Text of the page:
A legislator in a state that already has a health insurance exchange said any federal exchange rules should be as loose as possible.

Rep. David Clark, R-Santa Clara, Utah, appeared at a hearing of the Senate Health, Education, Labor and Pensions Committee at a hearing on implementation of the health insurance exchange distribution system provisions in the Patient Protection and Affordable Care Act (PPACA).

“My plea to you today is for help to ensure that as the [PPACA] is implemented, the U.S. Department of Health and Human Services (HHS) uses a light touch and resists the temptation to fill in too many of the missing details,” Clark said.

The Exchange System

Republicans are trying to block implementation of PPACA. If the act takes effect as written, it is supposed to create a health insurance exchange system in 2014.

An exchange would sell individual, family and small group insurance products on a guaranteed-issue basis. Carriers could take an insured’s age into account when pricing coverage but not the insured’s health status.

Low-income and moderate-income consumers could use a new system of tax subsidies to pay for part of the cost of the coverage.

A state could establish one or more exchanges within its borders, join a multi-state exchange program, or have the federal government provide exchange services for its residents.

The Regulators

Steven Larsen, director of the federal Center for Consumer Information and Insurance Oversight (CCIIO), an arm of the U.S. Department of Health and Human Services (HHS) that is overseeing the development of the exchange system, noted that HHS already has awarded $296 million in exchange planning grants to states and territories.

Kansas, for example, is trying to develop a national exchange information technology U.S. Capitol infrastructure, and Rhode Island, Vermont and Connecticut are in a multi-state exchange development consortium, Larsen said.

California enacted insurance exchange laws in September 2010, and states such as Maryland and Colorado are conducting research on exchanges and holding public forums, Larsen said.

Sandy Praeger, the Kansas insurance commissioner, who appeared at the hearing on behalf of the National Association of Insurance Commissioners (NAIC), Kansas City, Mo., told lawmakers that the NAIC already has developed an American Health Benefit Exchange Model Act to serve as a framework for exchange efforts.

The NAIC tried to make the model flexible and fill in gaps with white papers that provide information and ideas, rather than more rules, Praeger said.

In Kansas, regulators are already using exchange planning money and are preparing to apply for an exchange establishment grant, Praeger said.

Some states want to follow the example of an existing exchange operating in Utah and open exchanges to any qualified, interested carriers, while others want to follow the Massachusetts model and use exchanges to negotiate on behalf of consumers, Praeger said.

One challenge is that 2014 is less than 3 years away, and another is that state regulators are still waiting for detailed HHS guidance, Praeger said.

“The sooner we receive more detailed regulatory guidance the easier our tasks will be,” Praeger said.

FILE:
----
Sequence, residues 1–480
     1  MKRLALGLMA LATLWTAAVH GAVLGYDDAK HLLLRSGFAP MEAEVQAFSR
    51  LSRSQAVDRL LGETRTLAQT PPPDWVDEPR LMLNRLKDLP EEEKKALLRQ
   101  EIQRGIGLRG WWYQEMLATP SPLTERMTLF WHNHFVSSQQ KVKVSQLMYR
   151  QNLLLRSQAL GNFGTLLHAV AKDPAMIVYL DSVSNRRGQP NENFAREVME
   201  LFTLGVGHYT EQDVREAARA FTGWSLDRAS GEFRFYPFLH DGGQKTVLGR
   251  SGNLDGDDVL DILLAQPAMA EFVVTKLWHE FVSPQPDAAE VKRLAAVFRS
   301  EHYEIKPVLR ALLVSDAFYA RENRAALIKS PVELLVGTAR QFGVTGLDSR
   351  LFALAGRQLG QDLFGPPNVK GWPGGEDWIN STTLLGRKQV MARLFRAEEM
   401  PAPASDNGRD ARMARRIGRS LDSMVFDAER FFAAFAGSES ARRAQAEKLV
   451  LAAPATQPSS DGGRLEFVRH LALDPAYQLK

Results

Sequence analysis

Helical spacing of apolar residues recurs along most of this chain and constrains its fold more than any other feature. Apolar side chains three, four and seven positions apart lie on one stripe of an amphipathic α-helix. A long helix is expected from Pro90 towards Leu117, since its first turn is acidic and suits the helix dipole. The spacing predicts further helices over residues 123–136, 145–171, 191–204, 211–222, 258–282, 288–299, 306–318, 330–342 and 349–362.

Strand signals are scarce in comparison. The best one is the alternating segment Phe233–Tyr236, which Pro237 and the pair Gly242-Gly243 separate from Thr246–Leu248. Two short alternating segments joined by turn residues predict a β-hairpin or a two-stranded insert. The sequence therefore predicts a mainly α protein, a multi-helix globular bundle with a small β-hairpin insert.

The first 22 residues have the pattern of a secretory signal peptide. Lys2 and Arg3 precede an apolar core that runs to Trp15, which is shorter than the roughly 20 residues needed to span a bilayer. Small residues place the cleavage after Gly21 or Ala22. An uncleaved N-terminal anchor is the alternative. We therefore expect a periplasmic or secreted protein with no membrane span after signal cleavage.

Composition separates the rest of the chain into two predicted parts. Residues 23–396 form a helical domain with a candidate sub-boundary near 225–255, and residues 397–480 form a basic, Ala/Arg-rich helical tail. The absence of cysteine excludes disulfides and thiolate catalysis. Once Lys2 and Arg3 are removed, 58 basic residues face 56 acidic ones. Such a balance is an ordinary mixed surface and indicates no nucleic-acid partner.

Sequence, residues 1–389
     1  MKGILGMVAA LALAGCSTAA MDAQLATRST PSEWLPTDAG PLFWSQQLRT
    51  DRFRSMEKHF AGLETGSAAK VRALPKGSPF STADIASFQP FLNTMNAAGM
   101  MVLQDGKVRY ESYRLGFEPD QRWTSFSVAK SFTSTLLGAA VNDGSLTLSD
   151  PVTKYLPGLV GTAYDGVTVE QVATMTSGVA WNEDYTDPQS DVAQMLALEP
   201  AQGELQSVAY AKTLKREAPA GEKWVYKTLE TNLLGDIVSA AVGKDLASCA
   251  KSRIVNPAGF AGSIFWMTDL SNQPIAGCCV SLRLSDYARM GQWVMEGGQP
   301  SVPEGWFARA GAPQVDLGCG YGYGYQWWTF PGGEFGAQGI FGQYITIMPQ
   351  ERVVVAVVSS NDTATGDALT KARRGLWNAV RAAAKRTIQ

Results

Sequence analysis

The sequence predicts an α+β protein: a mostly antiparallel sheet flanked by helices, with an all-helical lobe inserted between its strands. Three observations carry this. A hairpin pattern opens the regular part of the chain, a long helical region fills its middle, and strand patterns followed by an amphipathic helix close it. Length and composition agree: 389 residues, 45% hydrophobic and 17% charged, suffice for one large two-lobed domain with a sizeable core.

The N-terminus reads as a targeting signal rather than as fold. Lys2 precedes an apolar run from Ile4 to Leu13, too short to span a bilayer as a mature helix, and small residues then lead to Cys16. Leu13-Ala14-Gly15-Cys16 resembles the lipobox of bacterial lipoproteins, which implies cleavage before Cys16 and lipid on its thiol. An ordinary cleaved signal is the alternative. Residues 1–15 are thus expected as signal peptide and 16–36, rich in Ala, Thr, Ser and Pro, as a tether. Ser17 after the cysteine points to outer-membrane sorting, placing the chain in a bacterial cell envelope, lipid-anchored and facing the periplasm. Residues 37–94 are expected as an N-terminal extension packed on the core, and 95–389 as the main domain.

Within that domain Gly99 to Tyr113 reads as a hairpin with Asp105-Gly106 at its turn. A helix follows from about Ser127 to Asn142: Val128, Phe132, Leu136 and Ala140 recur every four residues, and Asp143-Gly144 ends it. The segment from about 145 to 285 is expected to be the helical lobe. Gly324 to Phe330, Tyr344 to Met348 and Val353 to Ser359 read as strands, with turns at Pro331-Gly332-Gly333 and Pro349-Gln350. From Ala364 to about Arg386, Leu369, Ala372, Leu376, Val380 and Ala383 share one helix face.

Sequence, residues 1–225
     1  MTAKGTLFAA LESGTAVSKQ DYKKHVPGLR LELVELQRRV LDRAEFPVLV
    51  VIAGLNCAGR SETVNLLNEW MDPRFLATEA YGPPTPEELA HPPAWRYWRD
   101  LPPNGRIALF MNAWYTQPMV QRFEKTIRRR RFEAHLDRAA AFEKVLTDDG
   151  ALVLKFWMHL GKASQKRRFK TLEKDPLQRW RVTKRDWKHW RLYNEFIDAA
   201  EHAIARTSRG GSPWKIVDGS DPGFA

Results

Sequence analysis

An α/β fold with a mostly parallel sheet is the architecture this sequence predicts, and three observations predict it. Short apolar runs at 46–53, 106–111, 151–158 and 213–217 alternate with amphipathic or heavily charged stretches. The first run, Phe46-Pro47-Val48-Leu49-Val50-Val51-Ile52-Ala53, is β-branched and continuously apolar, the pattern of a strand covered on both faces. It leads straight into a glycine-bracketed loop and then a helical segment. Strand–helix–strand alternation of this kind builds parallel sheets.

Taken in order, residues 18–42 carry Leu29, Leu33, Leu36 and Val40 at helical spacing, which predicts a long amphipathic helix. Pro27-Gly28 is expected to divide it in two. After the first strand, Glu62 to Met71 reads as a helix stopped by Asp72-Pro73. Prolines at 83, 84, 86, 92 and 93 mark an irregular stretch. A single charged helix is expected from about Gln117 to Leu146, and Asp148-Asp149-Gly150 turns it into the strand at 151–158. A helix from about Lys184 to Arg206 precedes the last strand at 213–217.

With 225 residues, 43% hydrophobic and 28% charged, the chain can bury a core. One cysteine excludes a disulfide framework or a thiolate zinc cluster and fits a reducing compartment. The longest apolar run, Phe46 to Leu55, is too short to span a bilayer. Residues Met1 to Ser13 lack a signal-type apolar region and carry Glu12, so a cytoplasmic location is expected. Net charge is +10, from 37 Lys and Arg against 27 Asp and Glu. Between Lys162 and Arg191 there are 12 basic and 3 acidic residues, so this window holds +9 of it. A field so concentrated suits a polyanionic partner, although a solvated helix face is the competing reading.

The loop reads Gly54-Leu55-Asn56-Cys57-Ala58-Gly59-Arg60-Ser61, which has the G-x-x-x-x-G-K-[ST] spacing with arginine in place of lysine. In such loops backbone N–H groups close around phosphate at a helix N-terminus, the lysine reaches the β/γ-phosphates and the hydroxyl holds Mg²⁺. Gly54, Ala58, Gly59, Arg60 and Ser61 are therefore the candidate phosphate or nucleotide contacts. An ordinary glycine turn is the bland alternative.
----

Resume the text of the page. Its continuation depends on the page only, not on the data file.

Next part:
Qualified plans that sell through an exchange are supposed to meet “essential health benefits” standards, and state regulators are eager to see the HHS guidance on applying those standards, Praeger added.

“This information will be very important for carriers as they prepare to incorporate benefits into the coverage they sell and as they plan to offer coverage in the exchanges,” Praeger said. “It will greatly impact premiums and the cost of subsidies.”

View From Utah

Critics have argued that the Utah exchange has suffered from a relatively low enrollment level.

But the Utah Health Exchange, which was launched in September 2010, will have about 2,500 insureds in 83 employer groups starting April 1, and covered lives are growing an average of 43% per month, Clark said.

The Utah exchange offers more than 100 plans, an employer defined contribution payment program, and a tool for aggregating contributions from multiple employers.

President Obama has expressed support for the Empowering States to Innovate Act bill, a measure proposed by Sens. Ron Wyden, D-Ore., and Scott Brown, R-Mass., a bill that would let states apply for waivers from some PPACA rules starting in 2014, rather than 2017, as provided in PPACA.

The bill would let states design their own approach to expanding access to health coverage if their programs would insure about as many people, provide benefits that are at least as comprehensive as standard PPACA benefits, and not increase the federal budget deficit.

“The bill is woefully insufficient in terms of granting states meaningful flexibility,” Clark said.

“First of all, let me be clear, states were never invited to the table to give input on health care reform as that legislation was being fleshed out. Second, states must still guarantee a generous and expensive level of benefits that go well beyond basic benefits. And since the [HHS secretary] defines what constitutes ‘at least as comprehensive’ is, a state has no guarantee a waiver would be granted, even if plans in the state-proposed alternative have the same actuarial value as those specified in the PPACA. One way flexibility is, essentially, no flexibility at all.”

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